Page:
Pension allowance changes: What do you need to know
Posted on 22nd March 2023
During the 2023 Spring Budget, the UK Government announced significant changes to how tax-free pension savings work.
The Budget focused primarily on economic growth, with an emphasis on motivating people to get back into work, particularly early retirees.
In response to this, the Chancellor declared major changes to pension allowances, hoping to encourage high-earners to remain in the workforce for longer.
Key pension changes from the Spring Budget 2023:
• Pension Annual Allowances set to increase from £40,000 to £60,000
• Lifetime Allowance to be removed completely
• Money Purchase Annual Allowance set to increase from £4,000 to £10,000
• Tapered Annual Allowance to be updated
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Pension Lifetime Allowance
Lifetime Allowance (LTA) represents the total amount you can accumulate in all your pension savings throughout your life without incurring a tax charge when accessing them.
If your pension savings exceed the amount, you will be required to pay a tax charge on the surplus value, which is referred to as the “excess”.
The limit of £1,073,100 was set to last until 2026. However, the Chancellor announced the allowance would be scrapped completely.
The current allowance applies to private pensions and not the state pension.
The new change will come into effect from 6 April 2023 with the initial abolition of the LTA charge, before the allowance is scrapped entirely in the following year.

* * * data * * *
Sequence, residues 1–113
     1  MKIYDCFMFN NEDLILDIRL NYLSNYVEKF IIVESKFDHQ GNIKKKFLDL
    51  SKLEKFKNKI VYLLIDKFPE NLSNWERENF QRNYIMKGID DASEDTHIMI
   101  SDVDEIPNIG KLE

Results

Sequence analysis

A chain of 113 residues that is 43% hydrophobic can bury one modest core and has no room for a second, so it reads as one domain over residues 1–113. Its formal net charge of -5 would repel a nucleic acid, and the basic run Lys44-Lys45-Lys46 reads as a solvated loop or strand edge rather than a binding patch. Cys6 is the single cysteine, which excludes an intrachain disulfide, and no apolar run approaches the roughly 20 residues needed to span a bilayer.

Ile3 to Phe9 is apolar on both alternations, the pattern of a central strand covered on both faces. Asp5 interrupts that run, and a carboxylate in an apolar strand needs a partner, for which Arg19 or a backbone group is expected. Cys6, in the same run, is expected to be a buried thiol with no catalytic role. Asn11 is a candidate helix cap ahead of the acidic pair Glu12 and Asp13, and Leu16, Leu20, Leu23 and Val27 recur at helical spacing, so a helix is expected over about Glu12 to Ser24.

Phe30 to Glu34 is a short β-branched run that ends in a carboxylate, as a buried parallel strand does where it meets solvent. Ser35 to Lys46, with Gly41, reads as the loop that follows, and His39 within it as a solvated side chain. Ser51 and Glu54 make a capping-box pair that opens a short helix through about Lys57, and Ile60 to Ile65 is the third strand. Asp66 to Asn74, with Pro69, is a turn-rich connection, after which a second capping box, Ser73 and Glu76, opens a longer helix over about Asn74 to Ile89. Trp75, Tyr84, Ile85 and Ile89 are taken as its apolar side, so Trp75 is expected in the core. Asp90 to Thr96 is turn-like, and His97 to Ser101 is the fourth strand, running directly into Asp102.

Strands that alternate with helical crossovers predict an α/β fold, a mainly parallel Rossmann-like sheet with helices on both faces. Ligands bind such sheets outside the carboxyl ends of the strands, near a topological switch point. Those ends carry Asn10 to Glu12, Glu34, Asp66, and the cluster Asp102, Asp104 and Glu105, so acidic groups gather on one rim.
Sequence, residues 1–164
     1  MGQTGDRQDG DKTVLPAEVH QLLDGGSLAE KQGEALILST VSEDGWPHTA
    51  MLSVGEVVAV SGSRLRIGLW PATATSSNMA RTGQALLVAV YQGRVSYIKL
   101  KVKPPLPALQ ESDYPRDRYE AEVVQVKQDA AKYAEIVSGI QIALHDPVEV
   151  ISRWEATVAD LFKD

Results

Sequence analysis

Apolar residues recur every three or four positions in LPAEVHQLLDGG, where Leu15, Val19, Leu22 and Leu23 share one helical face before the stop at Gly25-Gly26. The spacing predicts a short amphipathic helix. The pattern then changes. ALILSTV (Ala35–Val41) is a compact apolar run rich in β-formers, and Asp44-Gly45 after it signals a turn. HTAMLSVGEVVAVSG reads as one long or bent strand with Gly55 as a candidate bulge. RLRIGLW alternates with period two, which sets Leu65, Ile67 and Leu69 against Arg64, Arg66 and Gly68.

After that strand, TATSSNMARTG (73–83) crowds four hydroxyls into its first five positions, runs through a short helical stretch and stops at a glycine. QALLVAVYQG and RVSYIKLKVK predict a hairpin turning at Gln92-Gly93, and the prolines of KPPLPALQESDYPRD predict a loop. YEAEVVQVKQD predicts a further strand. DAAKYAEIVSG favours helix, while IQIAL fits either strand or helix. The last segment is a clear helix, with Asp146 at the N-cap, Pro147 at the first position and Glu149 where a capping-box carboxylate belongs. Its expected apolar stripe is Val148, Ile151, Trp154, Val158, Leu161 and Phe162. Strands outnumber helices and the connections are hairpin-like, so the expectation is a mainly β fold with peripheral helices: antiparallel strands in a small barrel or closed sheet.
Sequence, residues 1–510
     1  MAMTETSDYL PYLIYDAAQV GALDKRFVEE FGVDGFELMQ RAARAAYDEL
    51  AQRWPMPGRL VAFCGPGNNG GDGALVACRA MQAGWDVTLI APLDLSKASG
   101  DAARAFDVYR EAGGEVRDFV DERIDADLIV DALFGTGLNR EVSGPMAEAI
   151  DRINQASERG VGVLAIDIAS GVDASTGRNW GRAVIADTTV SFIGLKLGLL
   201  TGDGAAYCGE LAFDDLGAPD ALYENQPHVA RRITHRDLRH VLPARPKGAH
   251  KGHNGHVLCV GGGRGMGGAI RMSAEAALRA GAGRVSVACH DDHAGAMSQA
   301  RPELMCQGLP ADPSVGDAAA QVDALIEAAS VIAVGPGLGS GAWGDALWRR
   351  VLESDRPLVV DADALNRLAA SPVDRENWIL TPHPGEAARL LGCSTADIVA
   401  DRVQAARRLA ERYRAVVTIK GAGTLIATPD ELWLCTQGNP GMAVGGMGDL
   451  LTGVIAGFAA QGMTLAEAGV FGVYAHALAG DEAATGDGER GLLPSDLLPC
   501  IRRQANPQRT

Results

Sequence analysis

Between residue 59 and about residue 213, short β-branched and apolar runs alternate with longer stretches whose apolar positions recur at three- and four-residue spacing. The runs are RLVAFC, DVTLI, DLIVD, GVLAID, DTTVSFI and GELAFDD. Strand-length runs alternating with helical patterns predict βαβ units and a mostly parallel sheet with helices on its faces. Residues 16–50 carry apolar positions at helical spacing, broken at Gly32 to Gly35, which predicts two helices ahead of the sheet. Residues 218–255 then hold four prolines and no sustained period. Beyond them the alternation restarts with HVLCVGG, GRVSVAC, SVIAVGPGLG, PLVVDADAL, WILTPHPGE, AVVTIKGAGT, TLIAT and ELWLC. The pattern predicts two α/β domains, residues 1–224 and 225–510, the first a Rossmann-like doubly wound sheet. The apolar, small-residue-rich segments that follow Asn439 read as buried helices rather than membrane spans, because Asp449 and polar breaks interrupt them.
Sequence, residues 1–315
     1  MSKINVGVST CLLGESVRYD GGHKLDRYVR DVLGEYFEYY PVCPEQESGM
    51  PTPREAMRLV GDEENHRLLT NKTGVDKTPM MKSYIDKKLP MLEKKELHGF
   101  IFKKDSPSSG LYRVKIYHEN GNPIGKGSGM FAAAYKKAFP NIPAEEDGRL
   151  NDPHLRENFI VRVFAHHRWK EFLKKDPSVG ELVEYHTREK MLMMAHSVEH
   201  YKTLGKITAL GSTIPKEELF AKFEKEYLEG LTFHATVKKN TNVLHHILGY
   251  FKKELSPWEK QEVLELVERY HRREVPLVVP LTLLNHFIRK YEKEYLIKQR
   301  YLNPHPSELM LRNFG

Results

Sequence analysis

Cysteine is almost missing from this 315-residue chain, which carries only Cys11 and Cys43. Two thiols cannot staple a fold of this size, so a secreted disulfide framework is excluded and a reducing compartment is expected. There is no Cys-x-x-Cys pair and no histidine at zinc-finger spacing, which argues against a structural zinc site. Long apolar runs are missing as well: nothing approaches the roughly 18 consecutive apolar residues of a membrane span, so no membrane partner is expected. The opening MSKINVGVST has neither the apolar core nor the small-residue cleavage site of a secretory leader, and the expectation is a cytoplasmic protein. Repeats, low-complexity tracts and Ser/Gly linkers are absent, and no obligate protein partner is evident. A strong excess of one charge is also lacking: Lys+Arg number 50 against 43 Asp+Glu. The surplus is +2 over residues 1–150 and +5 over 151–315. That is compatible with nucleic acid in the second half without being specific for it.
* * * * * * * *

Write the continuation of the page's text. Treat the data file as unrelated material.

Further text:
Pension Annual Allowance
The Pension Annual Allowance refers to the maximum amount an individual can contribute to their private pension each tax year without facing additional charges.
Currently, the limit is set at £40,000. The Chancellor announced that this would rise by 50 per cent to £60,000, starting on 6 April 2023.
Money Purchase Annual Allowance
Changes are also being made to the Money Purchase Annual Allowance.
This allowance is relevant for individuals who have begun to withdraw from their defined contribution pension, but who want to continue working and saving.
At present, the allowance stands at £4,000 per year before incurring a tax penalty. However, the Chancellor has more than doubled this amount to £10,000 and is effective from 6 April 2023.
This change could be useful for those who dipped into their pension to help subsidise their incoming during the pandemic or the cost-of-living crisis.
Tapered Annual Allowance
For higher earners, the tapered annual allowance may have affected their pension savings.
This allowance gradually decreases the amount you can contribute to your pension plan each tax year, based on your earnings.
The allowance would not be reduced to below £4,000. However, in the upcoming tax year, this lower limit will be raised to £10,000.
The adjusted income threshold for the Tapered Annual Allowance will also be increased from £240,000 to £260,000 from 6 April 2023.
The Spring Budget introduced noteworthy pension changes aimed at motivating older individuals to remain in or re-enter the workforce.
The changes have the potential to impact a significant portion of the population. However, the exact number of people who will benefit remains uncertain.
Need advice on your pension contributions? Get in touch with our team today.
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